A tomb-raider's guide to Cambridge

Did you know there are over 12 museums in Cambridge? Or that museums reduce stress and make you happier? To mark International Museum Day (18 May) we’ve curated a hotlist of must-see artefacts from Cambridge’s diversity of museums. Take this checklist as your guide and embark on a cultural adventure via giant owls, amusing-shaped teapots, a mouse-nibbled skeleton, and other ancient wonders. Step aside, Indiana Jones...

Miniature of Queen Elizabeth I: Fitzwilliam Museum

Cambridge’s Fitzwilliam Museum is full of treasures, but one of their most prized possessions can be easily missed. According to the museum, one of the exhibits that visitors most request to see is the miniature of Queen Elizabeth I.

Painted at the end of the 16th century, in the final years of her life, it depicts her in eternal youth. The artist Nicholas Hilliard was miniature portrait painter to Queen Elizabeth I and painted her many times throughout her reign. The jewels in the portrait are based on card symbols: diamonds, spades and clubs (the hearts suit is most likely represented by the Queen herself).

Iguanodon: Sedgwick Museum

We don't know why such a fuss is made of Dippy in London’s Natural History Museum, when here in Cambridge we have our own, brilliant dinosaur skeleton. ‘Iggy’ was discovered in West Sussex in 1825 – the second ever dinosaur to be scientifically described. He stands sentinel at the entrance to the Sedgwick Museum and he’s a herbivore, so he doesn’t bite.

North & South Pole murals: The Polar Museum

Look up next time you’re at The Polar Museum and you’ll spot two beautiful ceiling murals of the North and South Poles, painted in 1934 by Macdonald Gill. The map of the Arctic is mostly accurate, but the Antarctic is a bit off because it wasn't until 1937 that explorers finally worked out the shape of the continent.

Look very closely at the Arctic map and you’ll see a grey balloon near the centre: it’s actually the airship which made the first successful flight over the Pole in 1926. Interestingly, around this time a new story appears in Inuit legend about a flying whale...

Fin Whale skeleton: Museum of Zoology

The finback whale is the second largest animal on the planet, second only to the blue whale, and the iconic 70ft skeleton at the Museum of Zoology is thought to be the largest recorded example of its kind. The whale, a male, washed up dead on a beach at Pevensey, Sussex in November 1865 – around the same time the Museum opened. Over 40,000 people flocked to see the carcass on the beach, then at Hastings Cricket Ground where it was put on public display before being brought to Cambridge.

The Museum is currently closed for refurbishment, re-opening in 2016.

Portion of the Babbage Difference Engine: Whipple Museum

The idea of a computer dates as far back as 1822 when Charles Babbage proposed that the men who calculated mathematical tables would eventually be replaced by machines that were less prone to error. However, despite £17,000 of government funding, Babbage never successfully managed to assemble a working model of his ‘difference engine’.

After his death, his son Henry took up the challenge. Using his father’s designs, Henry succeeded in building this fragment in 1879, which can perform simple calculations.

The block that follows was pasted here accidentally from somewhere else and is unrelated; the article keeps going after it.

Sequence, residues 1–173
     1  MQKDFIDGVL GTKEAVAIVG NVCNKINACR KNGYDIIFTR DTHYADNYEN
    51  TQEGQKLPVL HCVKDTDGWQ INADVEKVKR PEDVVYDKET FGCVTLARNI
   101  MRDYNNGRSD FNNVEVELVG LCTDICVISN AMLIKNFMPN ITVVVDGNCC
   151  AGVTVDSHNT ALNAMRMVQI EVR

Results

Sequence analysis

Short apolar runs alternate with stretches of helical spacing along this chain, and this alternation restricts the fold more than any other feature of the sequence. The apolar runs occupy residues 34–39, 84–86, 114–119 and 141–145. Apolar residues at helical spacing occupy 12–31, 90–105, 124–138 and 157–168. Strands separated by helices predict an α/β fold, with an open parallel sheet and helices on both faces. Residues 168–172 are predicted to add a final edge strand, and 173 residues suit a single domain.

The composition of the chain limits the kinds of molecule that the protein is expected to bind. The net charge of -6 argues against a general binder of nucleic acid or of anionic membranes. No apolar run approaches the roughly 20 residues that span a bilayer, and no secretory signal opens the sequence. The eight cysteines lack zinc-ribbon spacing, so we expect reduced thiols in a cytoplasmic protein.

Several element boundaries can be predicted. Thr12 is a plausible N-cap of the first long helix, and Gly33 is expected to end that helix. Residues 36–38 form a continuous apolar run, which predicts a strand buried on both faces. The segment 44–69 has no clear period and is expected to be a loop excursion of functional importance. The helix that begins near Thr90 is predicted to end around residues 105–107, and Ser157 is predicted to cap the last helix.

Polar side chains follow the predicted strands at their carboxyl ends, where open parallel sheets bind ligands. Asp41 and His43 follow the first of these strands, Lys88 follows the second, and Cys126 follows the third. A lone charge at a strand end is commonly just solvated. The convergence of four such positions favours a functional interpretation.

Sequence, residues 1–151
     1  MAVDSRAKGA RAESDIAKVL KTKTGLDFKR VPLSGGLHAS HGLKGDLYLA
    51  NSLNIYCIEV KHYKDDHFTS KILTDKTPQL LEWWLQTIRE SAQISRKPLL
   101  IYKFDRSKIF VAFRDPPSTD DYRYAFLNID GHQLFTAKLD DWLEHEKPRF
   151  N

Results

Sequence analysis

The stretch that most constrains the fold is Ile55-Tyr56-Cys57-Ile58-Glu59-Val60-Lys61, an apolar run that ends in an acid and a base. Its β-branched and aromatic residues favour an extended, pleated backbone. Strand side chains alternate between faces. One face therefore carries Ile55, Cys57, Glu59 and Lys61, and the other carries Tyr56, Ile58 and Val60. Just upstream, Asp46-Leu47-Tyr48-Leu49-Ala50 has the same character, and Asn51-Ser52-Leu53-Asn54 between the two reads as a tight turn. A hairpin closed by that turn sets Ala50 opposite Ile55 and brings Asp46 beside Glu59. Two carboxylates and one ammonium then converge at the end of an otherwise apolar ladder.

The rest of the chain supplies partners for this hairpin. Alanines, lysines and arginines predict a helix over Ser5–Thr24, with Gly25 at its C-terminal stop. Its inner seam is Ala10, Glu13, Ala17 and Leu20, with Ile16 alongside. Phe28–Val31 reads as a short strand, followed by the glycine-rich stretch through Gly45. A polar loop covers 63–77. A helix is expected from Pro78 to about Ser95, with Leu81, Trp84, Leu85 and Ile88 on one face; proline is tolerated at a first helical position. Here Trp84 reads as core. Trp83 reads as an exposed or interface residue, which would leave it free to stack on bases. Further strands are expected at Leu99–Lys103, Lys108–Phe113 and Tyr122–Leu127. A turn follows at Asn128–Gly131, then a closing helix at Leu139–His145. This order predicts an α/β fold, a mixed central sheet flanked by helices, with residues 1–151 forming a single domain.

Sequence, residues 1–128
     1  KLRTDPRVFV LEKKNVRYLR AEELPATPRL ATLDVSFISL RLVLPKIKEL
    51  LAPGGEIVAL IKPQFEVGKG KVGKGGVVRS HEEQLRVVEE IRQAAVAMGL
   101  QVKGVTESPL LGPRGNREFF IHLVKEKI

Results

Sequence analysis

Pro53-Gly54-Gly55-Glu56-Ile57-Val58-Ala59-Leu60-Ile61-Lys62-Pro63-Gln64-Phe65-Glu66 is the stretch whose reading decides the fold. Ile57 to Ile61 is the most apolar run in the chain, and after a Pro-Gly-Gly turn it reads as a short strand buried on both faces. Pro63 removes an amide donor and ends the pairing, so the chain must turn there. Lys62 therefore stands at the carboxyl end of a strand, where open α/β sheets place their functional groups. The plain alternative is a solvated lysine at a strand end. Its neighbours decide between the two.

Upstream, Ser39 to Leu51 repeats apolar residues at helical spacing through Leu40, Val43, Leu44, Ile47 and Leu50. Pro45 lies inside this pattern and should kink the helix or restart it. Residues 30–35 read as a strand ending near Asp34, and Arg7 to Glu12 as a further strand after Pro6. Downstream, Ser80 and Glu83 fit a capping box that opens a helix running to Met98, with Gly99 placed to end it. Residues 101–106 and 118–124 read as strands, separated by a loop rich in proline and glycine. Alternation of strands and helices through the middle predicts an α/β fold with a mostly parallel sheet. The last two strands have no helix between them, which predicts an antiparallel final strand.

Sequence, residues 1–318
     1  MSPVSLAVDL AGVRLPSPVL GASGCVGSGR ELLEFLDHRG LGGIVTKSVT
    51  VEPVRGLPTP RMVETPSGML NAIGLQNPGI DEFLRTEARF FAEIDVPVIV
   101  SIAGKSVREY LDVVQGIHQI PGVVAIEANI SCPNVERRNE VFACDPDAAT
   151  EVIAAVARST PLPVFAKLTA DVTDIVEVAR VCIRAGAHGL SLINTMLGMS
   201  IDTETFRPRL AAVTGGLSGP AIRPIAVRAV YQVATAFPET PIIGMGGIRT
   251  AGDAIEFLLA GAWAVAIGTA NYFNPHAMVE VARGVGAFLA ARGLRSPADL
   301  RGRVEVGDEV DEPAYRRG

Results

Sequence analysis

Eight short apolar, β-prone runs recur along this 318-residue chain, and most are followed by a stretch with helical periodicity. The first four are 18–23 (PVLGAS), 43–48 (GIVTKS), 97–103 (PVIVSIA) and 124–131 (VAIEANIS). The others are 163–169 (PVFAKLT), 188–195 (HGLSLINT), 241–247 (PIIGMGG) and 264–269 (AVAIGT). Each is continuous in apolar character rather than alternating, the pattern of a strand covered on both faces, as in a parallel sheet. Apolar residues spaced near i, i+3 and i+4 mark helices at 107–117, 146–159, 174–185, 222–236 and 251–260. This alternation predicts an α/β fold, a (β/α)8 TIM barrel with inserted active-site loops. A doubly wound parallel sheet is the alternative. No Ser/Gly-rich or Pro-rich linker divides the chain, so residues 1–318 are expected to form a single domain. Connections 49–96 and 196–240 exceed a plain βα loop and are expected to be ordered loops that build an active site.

The Dancer: Kettle's Yard

This svelte sculpture is by Henri Gaudier-Brzeska, whose work had a profound influence on Henry Moore and other modern sculptors. Born in France, but working in London from 1911 to 1914, Gaudier’s precocious talent was cut short by his death at the age of 23 in the First World War. Gaudier captured movement beautifully in The Dancer, with the uplifted arms counterbalanced by the downward motion of the feet and legs.

Though the outstretched arm and outward facing palm does not recall a pose from classical ballet.

Nibbled Roman skeleton: Museum of Archaeology & Anthropology

In the 1950s, the skeleton of a Roman woman was unearthed in Arbury during developments for a housing estate. But hers weren’t the only bones discovered in her lead-lined coffin. The middle-aged woman, thought to be of high status, apparently suffffered the indignity of having her ankle bone nibbled by a mouse or shrew, the remains of which were found with hers, and are also on display. The skeleton was seen by Sylvia Plath during her time at Cambridge, and inspired her poem, All the Dead Dears.

Hawking's Black Hole Model: Whipple Museum

Cambridge University cosmologist Stephen Hawking spent much of the 1960s and 70s working on the theory and mechanics of black holes. Hawking commissioned this model to demonstrate the gravitational attraction exerted by these supermassive regions of spacetime. The downward slope of the surface at any point is a measure of the gravitational attraction experienced by a body at that distance. As nothing, not even light, can escape from within the event horizon of a black hole, the model’s ‘well’ has no bottom.

Giant Owl: Fitzwilliam Museum

One memorable feature of the Fitzwilliam Museum is this gigantic pottery owl, which fixes visitors with a disapproving, unnerving glare in the Glaisher Gallery.

It’s actually a novelty punchbowl, with a removable head, made by the Martin brothers in 1903. Because, well, you can’t beat a monster owl for a dinner party talking point.

Mouse Brooch: Museum of Cambridge

The Museum has a large collection of folklore items from around Cambridgeshire and other areas of the country, loaned through the Folklore Society. In the Fens and Folklore room, visitors can see mole paws, corn tokens and harvest bread, which were all believed to cure or protect people in the Fens. One interesting item is the mouse skull brooch, used to ward off rheumatism.